Can TV Stop the Onslaught of Online Video?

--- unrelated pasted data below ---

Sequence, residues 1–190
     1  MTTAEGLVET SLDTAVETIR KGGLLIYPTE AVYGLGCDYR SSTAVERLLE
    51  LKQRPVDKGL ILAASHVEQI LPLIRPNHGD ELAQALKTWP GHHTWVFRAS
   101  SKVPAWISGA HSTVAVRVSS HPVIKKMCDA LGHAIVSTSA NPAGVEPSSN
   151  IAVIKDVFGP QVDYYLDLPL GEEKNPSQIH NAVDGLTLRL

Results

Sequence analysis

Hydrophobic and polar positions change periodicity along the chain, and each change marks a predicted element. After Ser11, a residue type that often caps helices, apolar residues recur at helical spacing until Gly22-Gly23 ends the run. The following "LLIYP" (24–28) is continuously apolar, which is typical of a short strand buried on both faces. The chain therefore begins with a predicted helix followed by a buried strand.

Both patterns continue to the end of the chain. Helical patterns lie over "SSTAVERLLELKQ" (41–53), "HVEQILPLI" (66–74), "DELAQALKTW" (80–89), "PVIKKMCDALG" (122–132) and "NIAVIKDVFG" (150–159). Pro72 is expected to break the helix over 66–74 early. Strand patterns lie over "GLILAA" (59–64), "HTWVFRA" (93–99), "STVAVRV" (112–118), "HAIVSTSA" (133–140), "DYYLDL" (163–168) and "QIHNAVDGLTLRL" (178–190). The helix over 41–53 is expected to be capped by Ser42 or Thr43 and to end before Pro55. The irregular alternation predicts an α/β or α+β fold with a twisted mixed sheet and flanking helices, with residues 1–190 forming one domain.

The rise of online video advertising has been relentless. Growth has been rapid, even during the recession years and, according to emarketer, an 83% rise in digital ad spend last year will be followed by a 71% rise this year. In contrast, the fortunes of TV advertising have waxed and waned with the fortunes of the UK economy and only now is growth returning after years of stagnation.It's not hard to see why marketers are so enamoured with online video and TV is losing some of its lustre. Compared to the rapier-like targeting of online video, TV advertising is a blunt-edged tool. Compare TV's broad audience and geographical targeting possibilities with the myriad of options available to online video advertisers - demographic, geographic, contextual and behavioural. On top of that, there's the plethora of meaningful metrics that online video can deliver without significant extra investment - dwell rates, dwell times, completion rates, post click and post impression behaviour.And, of course, with lower entry levels in terms of spend, online video advertising is available to a broader audience. In fact, some studies have even suggested that online video advertising is actually more effective than TV - in terms of general recall, brand recall and message recall.But TV advertising is beginning to fight back and the rally is being led by a new offering from Sky called AdSmart.AdSmart differs from usual TV advertising in that the targeting possibilities are greater - much closer to those offered by online video advertising. So advertisers can target by location, affluence, children’s ages, life stage, and financial outlook using Sky's own data and additional data overlaid by Experian. This not only ensures an advertiser's campaigns are more relevant but also opens up TV advertising to a broader range of brands for whom normal TV advertising would have been too broad and/or too expensive.AdSmart is possible because of dynamic ad server technology which is built-in to Sky+ set-top boxes which ensures the ads sent are personally relevant to each individual home. That makes this form of TV advertising deliverable to around 20% of UK households.The technology has been in a trial for the past 6 months but is now open to all comers. Brands such as Tesco, RBS and Audi have leant their backing to it and proof of the broad appeal of the new service is that a quarter of committed advertisers are new to TV.AdSmart marks one way that the providers of TV are making their offering more attractive but the increasing adoption of internet-connected TV, or smart TVs, will make TV advertising more attractive too.Smart TVs are just another connected device - just one optimized for viewing TV and film in the home. Hence, eventually they'll be able to deliver advertising with the same targeting criteria available to online advertising delivered via a PC, laptop or mobile, and offer the same measurement criteria and interactivity too.This may be some way off - smart TV adoption is creeping up rather than booming and households are often slow to connect their smart TV to the internet - but its eventual arrival is as predictable as the triumph of digital over analogue TV.Once it's arrived, TV advertising will become indistinguishable from online video advertising - a welcome simplification for marketers in a sphere that gets ever more fragmented. However, the challenge then will be to try to join up all that fragmented TV viewing across different devices to deliver a controlled and holistic video advertising experience.